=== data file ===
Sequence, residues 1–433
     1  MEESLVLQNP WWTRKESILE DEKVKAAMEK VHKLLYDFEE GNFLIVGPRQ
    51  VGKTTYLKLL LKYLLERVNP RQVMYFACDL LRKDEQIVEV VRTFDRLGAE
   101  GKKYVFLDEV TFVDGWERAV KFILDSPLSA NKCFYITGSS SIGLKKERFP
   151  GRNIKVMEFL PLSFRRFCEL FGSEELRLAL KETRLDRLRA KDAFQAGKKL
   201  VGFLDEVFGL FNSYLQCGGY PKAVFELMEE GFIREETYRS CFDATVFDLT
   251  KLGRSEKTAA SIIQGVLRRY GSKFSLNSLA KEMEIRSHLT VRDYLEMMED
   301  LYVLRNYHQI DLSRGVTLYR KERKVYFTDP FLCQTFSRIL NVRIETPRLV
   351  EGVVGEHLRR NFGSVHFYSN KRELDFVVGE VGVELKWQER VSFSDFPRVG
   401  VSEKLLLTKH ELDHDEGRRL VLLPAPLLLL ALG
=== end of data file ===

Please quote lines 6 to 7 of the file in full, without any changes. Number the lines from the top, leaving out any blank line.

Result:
   201  VGFLDEVFGL FNSYLQCGGY PKAVFELMEE GFIREETYRS CFDATVFDLT
   251  KLGRSEKTAA SIIQGVLRRY GSKFSLNSLA KEMEIRSHLT VRDYLEMMED